By JOHN O’CONNOR
AP Political Writer
SPRINGFIELD, Ill. (AP) — Gov. J.B. Pritzker wants relief for pocketbook-pinched consumers when they visit the filling station.
Gas averages $3.60 per gallon statewide and inflation is at its highest rate since 1982. Pritzker, a Democrat facing reelection this year, last week proposed freezing the motor fuel tax, which is scheduled to jump 2 cents on July 1. It’s part of his state budget plan that also offers breaks on property taxes and grocery-sales tax.
WHY IS MOTOR FUEL TAX INCREASING?
The $45 billion Rebuild Illinois capital construction plan in 2019 is funded in part from doubling to 38 cents per gallon the motor fuel tax, which pays for transportation projects. It had stood at 19 cents per gallon for nearly 30 years, so lawmakers enacted annual increases tied to inflation.
It’s 39.2 cents now. Without action, it will increase to 41.4 cents in the fiscal year that begins July 1. The freeze would save 35 cents when someone fills a 16-gallon tank — if the retailer, who pays the tax, passes it on.
HOW MUCH WOULD IT COST THE CONSTRUCTION PROGRAM?
It would reduce Rebuild Illinois funding by $135 million. That’s just 0.29% of the $46.5 billion capital construction plan Pritzker proposed for next year. It will not affect projects planned for the coming year, Deputy Gov. Andy Manar said.
“These aren’t easy choices,” Manar said. “But the governor recognizes … that inflation is impacting working families in the state. So he is focused on the cost of groceries, the cost of gasoline, and the burden that property taxes place on working families.”
DOES THAT LOSS HAVE FUTURE REPERCUSSIONS?
That’s a central argument of critics. Shave money from the program for fixing a pothole this year and there may be two or three potholes when you get to it — along with inflationary cost increases for material and labor.
Kevin Burke III, business co-chair for the Transportation for Illinois Coalition, said $135 million isn’t for one project that’s finished in a year. It’s pieced out among multiple jobs and potentially delays each.
“The longer you take to do stuff, the more problems you’re going to have, and the more expensive the project is going to be,” Burke said. “The whole purpose of the index was so that we we don’t get into the position where we don’t fund our roads properly for 20 to 30 years.”
ISN’T ILLINOIS GETTING FEDERAL INFRASTRUCTURE MONEY?
That’s another reason Pritzker feels confident. The Infrastructure Investment and Jobs Act that President Joe Biden signed in November will bring Illinois $3.8 billion over the next five years in addition to $14 billion already planned, according to the transportation coalition.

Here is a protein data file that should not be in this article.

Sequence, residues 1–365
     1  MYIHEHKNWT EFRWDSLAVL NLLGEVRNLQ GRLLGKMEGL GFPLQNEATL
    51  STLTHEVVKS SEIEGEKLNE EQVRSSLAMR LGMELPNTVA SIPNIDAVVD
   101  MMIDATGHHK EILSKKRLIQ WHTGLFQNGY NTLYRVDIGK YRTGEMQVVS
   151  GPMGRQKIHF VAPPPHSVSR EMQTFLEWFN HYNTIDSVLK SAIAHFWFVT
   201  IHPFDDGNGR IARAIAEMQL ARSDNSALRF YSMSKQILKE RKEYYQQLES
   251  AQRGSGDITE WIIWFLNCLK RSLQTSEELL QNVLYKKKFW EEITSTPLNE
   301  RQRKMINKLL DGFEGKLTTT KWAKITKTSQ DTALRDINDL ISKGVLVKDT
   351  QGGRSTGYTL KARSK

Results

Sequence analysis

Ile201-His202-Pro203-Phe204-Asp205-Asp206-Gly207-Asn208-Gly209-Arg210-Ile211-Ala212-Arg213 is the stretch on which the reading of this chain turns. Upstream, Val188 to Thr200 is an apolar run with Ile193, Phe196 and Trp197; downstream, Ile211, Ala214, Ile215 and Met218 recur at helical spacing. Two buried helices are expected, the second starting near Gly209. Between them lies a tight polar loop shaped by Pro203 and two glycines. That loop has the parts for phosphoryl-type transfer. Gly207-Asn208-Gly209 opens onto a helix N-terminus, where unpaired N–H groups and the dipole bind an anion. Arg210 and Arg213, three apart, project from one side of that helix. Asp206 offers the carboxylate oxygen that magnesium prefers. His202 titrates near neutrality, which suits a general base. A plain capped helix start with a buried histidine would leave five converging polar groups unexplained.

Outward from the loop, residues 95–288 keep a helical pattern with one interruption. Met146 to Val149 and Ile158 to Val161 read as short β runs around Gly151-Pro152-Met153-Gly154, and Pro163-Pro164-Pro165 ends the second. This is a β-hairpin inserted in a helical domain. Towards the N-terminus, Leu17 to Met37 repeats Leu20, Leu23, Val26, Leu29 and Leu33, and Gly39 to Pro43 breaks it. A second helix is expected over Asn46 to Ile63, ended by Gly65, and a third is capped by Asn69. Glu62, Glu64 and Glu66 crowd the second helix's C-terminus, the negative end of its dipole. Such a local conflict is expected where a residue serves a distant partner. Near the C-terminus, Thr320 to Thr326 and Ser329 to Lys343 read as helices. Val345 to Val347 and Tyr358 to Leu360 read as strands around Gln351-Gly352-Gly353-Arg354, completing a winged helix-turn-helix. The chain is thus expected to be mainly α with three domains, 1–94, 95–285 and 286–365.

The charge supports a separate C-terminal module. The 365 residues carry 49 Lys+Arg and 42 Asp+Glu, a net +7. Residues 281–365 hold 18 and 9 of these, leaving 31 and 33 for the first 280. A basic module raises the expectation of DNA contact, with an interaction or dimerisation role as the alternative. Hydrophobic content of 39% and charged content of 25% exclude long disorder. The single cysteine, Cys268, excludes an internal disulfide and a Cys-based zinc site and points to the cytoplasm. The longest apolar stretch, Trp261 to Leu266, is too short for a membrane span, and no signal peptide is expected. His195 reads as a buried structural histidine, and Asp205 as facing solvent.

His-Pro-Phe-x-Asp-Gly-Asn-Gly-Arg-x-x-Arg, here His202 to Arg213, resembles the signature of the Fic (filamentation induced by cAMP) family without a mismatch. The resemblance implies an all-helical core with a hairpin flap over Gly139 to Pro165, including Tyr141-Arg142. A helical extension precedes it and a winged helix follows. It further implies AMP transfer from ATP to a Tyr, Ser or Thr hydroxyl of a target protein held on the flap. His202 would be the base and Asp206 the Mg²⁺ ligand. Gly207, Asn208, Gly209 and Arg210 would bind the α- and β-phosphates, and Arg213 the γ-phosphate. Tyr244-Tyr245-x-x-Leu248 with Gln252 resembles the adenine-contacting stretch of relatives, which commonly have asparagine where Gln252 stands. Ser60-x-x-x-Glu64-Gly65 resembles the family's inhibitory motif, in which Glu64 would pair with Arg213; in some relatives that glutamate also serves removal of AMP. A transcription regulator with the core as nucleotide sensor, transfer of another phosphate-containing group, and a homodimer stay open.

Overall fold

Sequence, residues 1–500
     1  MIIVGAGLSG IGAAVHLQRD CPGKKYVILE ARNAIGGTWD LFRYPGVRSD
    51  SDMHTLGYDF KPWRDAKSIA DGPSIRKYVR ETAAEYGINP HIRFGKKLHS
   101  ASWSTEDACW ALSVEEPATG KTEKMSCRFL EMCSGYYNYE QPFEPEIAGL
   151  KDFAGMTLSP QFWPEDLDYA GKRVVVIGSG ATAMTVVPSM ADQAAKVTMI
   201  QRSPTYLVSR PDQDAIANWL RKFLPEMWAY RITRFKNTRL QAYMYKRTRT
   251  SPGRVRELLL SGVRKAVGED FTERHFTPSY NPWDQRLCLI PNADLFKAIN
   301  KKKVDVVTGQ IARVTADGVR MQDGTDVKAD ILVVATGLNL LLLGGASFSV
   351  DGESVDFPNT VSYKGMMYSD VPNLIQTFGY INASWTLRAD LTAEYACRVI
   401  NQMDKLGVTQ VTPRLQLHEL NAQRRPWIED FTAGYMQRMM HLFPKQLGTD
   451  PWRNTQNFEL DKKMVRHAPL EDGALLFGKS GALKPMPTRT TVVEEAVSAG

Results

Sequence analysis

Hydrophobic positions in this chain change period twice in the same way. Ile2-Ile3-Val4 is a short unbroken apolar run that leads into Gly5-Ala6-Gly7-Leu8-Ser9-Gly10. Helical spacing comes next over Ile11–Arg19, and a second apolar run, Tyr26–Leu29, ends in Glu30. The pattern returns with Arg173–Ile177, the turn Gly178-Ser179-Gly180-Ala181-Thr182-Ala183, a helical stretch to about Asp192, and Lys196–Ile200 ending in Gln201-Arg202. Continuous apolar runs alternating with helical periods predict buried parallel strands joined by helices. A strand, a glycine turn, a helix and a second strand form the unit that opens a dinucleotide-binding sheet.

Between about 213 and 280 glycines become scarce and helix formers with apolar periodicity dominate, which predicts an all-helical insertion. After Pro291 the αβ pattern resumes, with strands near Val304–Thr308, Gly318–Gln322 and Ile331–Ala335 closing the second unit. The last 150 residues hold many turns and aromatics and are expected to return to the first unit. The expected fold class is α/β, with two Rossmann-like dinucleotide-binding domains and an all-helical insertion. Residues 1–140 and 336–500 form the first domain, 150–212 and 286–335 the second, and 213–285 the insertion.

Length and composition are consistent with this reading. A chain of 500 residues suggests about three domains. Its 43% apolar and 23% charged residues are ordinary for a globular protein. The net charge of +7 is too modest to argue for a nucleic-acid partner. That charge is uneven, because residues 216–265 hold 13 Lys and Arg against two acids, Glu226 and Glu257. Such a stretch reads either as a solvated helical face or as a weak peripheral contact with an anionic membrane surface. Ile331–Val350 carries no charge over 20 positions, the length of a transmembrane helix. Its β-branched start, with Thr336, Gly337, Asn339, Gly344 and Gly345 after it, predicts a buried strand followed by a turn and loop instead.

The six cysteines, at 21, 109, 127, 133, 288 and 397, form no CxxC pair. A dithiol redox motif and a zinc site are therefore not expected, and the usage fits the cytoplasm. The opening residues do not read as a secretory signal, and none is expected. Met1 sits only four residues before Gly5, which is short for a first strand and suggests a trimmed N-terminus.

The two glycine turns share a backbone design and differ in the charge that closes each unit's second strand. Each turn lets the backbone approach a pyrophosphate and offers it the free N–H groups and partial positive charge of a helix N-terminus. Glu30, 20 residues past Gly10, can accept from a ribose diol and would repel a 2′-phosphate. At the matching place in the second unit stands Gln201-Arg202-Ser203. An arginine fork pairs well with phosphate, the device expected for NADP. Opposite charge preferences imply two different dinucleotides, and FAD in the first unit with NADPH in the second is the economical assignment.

THEN WHY ARE TRANSPORTATION ADVOCATES COMPLAINING?
Because they say the need is so great. The money generated in the Rebuild Illinois plan was not enough to fix all the problems in the state, Burke said.
And even with additional federal money, the state shouldn’t back off, said Ed Maher, spokesman for the International Union of Operating Engineers Local 150.
“It’s not as though we started this on a level playing field,” Maher said. “Our infrastructure was underfunded for decades so we’ve got a massive game of catch-up to play here. Now is not the time to start taking money out of that.”
IS THE MOTOR FUEL TAX THE ONLY FUEL TAX?
No. Motorists also pay 18.4 cents a gallon in federal taxes and 1.1 cents per gallon to fund cleanup of abandoned leaking underground storage tanks.
Additionally, Illinois is one of 16 states that charges sales tax on motor fuel. Consumers pay 6.25% on the final pump price.
WHERE DOES THE SALES TAX GO?
Traditionally, it’s been paid into general operating funds, although that’s changing, too. Rebuild Illinois ordered that each year for five years, incrementally larger portions of sales tax receipts go to the road fund until it reaches 80%, with the balance going to local governments. The share stands at 16% and would go to 32% July 1.
Senate Republicans introduced a broad-based tax-relief plan last week that includes reducing the sales tax on gas to 5.25% while accelerating the annual road-fund transfer to 53%, adding $80 million.
On a 16-gallon fill-up at $3.60 per gallon, that’s a savings of 58 cents.
ISN’T THERE A BAR ON USING ROAD FUND MONEY FOR OTHER PURPOSES?
Yes, but it doesn’t apply here. In 2016, a prohibition on “sweeping” the road fund was approved by 79% of voters. The Lockbox Amendment ended years of subsidizing other parts of the budget with road money.
Pritzker’s freeze would mean the state collects no money and therefore, no one can sweep it.
But it sets a precedent, say critics, and state officials have lived to regret taking “holidays” from paying annual obligations, notably toward employee pensions.